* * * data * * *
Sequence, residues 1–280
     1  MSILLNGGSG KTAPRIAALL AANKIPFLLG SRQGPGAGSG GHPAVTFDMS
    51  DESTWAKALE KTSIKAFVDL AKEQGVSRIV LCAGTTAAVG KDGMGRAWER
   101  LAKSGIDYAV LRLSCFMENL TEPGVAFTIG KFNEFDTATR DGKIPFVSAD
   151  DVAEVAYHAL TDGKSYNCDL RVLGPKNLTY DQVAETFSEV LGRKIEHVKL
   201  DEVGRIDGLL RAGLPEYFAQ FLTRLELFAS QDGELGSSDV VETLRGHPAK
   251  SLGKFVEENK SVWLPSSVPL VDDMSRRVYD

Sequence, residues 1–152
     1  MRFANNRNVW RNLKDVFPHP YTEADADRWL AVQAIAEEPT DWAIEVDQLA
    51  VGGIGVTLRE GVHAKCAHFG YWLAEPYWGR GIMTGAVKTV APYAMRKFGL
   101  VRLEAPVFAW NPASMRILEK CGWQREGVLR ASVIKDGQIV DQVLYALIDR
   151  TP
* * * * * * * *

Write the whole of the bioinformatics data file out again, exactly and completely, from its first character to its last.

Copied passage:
Sequence, residues 1–280
     1  MSILLNGGSG KTAPRIAALL AANKIPFLLG SRQGPGAGSG GHPAVTFDMS
    51  DESTWAKALE KTSIKAFVDL AKEQGVSRIV LCAGTTAAVG KDGMGRAWER
   101  LAKSGIDYAV LRLSCFMENL TEPGVAFTIG KFNEFDTATR DGKIPFVSAD
   151  DVAEVAYHAL TDGKSYNCDL RVLGPKNLTY DQVAETFSEV LGRKIEHVKL
   201  DEVGRIDGLL RAGLPEYFAQ FLTRLELFAS QDGELGSSDV VETLRGHPAK
   251  SLGKFVEENK SVWLPSSVPL VDDMSRRVYD

Sequence, residues 1–152
     1  MRFANNRNVW RNLKDVFPHP YTEADADRWL AVQAIAEEPT DWAIEVDQLA
    51  VGGIGVTLRE GVHAKCAHFG YWLAEPYWGR GIMTGAVKTV APYAMRKFGL
   101  VRLEAPVFAW NPASMRILEK CGWQREGVLR ASVIKDGQIV DQVLYALIDR
   151  TP